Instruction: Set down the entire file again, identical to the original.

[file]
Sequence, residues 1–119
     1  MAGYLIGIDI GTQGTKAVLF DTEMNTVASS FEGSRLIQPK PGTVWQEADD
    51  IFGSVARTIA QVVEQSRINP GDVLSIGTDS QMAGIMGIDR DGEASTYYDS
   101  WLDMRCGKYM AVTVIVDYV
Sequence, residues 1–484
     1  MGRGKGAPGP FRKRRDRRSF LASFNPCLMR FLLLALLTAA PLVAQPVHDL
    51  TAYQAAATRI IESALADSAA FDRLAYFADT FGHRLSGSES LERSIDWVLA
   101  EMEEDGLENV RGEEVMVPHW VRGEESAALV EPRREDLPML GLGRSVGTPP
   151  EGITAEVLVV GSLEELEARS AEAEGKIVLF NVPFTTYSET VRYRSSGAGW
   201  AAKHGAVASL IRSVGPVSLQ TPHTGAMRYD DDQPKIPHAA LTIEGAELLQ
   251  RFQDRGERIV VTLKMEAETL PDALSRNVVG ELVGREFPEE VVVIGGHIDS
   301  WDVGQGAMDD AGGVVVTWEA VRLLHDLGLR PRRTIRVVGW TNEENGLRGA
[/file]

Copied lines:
Sequence, residues 1–119
     1  MAGYLIGIDI GTQGTKAVLF DTEMNTVASS FEGSRLIQPK PGTVWQEADD
    51  IFGSVARTIA QVVEQSRINP GDVLSIGTDS QMAGIMGIDR DGEASTYYDS
   101  WLDMRCGKYM AVTVIVDYV
Sequence, residues 1–484
     1  MGRGKGAPGP FRKRRDRRSF LASFNPCLMR FLLLALLTAA PLVAQPVHDL
    51  TAYQAAATRI IESALADSAA FDRLAYFADT FGHRLSGSES LERSIDWVLA
   101  EMEEDGLENV RGEEVMVPHW VRGEESAALV EPRREDLPML GLGRSVGTPP
   151  EGITAEVLVV GSLEELEARS AEAEGKIVLF NVPFTTYSET VRYRSSGAGW
   201  AAKHGAVASL IRSVGPVSLQ TPHTGAMRYD DDQPKIPHAA LTIEGAELLQ
   251  RFQDRGERIV VTLKMEAETL PDALSRNVVG ELVGREFPEE VVVIGGHIDS
   301  WDVGQGAMDD AGGVVVTWEA VRLLHDLGLR PRRTIRVVGW TNEENGLRGA